Adobe Executive Kevin Lynch Discusses Flash on Mac, iPhone, and iPad
BoomTown today sat down with Adobe Chief Technical Officer Kevin Lynch to discuss the relationship between Apple and Adobe and the deployment of Flash on Mac as well as the iPhone and iPad. Apple's decision not to include Flash Player capabilities on the iPhone and now the iPad has resulted in apparent tensions between the two companies.
Lynch's comments about Flash on the Mac indicate that the Adobe is working hard on CPU usage during video rendering, acknowledging that such tasks use more CPU cycles on the Mac than on Windows. Regarding the iPhone, Lynch defends the importance of Flash on the Web, noting that he is hopeful that the adoption of Flash capabilities on a number of smartphone platforms will help convince others such as Apple to follow suit.
Well, there's a lot of Flash content on the Web, and so, right now about 85% of the top websites have Flash on their website. So if you want to view the whole Web, not having the ability to view Flash really is kind of limiting in terms of the experience on the devices, and so we're really focused on making sure that we can bring the ability to view Flash content and interact with it across all of these devices...I'm hopeful in the smartphone space, for example, that as people start to see that you can get a great experience with Flash in the smartphone, for example on Android, and Palm, and Nokia, and RIM, and these other devices, that that will encourage others to adopt Flash as well on their devices.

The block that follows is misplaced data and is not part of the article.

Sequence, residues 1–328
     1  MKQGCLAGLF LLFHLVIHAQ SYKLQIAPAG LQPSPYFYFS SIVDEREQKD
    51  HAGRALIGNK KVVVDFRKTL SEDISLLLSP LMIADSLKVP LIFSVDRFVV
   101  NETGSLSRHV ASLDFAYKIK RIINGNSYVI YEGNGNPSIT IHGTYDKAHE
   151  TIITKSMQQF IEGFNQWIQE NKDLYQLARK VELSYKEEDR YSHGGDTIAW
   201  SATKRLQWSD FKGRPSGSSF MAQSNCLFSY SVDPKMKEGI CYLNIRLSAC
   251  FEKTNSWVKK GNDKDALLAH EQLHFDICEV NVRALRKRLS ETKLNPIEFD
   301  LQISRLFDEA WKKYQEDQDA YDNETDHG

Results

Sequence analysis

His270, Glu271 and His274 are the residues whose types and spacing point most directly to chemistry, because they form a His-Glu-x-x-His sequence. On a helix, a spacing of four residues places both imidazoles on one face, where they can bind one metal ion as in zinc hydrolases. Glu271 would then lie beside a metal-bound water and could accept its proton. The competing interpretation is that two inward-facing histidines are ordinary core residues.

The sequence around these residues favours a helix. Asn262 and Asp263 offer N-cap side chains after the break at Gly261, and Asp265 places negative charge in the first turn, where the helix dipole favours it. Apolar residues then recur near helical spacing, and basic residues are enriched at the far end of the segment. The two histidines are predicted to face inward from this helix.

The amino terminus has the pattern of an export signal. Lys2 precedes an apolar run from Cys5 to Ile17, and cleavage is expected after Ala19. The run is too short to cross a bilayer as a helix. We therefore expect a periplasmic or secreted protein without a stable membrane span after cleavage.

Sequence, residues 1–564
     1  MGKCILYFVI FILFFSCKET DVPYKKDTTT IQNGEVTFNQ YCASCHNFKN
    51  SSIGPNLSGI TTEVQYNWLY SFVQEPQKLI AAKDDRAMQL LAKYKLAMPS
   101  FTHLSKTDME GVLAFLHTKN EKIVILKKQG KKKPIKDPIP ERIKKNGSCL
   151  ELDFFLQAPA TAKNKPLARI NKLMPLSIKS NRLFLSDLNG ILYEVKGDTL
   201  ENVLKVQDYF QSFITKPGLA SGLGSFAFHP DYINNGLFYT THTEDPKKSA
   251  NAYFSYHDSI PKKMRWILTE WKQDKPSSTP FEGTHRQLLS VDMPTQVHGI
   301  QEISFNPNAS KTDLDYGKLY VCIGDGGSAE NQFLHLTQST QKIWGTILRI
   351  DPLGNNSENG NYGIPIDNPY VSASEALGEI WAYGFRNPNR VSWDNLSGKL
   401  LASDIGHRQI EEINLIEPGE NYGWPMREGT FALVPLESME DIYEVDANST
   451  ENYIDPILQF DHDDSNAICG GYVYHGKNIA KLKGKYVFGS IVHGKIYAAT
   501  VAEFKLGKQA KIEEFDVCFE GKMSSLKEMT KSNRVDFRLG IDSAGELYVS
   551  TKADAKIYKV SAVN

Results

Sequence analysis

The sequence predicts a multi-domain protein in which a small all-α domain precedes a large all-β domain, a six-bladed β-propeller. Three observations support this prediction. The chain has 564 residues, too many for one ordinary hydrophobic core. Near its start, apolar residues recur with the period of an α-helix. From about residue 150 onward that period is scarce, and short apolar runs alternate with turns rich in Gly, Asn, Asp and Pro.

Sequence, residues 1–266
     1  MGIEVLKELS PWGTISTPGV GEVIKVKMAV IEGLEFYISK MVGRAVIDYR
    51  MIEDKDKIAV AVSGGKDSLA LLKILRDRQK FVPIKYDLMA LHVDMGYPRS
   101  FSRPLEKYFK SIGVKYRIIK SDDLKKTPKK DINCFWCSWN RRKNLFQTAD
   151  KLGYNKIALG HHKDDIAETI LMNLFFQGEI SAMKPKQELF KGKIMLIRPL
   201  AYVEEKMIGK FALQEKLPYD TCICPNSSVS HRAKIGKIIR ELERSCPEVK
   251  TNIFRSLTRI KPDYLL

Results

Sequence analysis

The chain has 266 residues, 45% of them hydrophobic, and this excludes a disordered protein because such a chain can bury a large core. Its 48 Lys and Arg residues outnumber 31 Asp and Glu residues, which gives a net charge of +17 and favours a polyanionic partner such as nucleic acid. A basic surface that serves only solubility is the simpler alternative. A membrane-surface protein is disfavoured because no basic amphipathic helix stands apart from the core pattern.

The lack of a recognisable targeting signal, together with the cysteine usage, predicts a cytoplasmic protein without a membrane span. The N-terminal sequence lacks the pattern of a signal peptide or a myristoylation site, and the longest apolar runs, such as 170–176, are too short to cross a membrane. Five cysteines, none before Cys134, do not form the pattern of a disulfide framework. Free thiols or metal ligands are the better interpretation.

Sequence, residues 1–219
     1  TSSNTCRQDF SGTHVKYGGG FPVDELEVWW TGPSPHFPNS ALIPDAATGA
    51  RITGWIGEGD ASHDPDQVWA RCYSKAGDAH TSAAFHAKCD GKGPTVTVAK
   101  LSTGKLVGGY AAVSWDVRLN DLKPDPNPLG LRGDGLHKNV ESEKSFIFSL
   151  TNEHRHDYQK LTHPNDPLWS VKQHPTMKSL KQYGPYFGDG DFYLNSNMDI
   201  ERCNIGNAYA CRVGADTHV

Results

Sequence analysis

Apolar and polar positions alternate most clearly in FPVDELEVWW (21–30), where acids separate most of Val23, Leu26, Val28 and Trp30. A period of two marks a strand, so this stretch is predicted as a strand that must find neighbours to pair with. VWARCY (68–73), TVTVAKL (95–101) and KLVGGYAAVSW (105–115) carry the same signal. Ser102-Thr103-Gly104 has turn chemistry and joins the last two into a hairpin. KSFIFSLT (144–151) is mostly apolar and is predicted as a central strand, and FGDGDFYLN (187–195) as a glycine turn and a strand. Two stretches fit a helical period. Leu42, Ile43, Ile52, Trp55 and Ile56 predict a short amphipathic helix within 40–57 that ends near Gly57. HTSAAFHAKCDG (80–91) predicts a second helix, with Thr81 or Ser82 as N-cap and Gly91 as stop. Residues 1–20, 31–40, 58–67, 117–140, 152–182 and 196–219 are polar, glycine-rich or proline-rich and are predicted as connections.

In the interview, Lynch also discusses Adobe's efforts on its AIR platform, which bundles the Flash runtime into applications, allowing developers to easily port their applications to a variety of platforms, including the iPhone.
In a follow-up article, BoomTown's Kara Swisher also posts a video of Lynch showing off a digital version of Wired magazine has developed using Adobe AIR. The working concept, which Wired expects to be able to easily port to the iPad via the AIR platform, has also been previewed by Wired.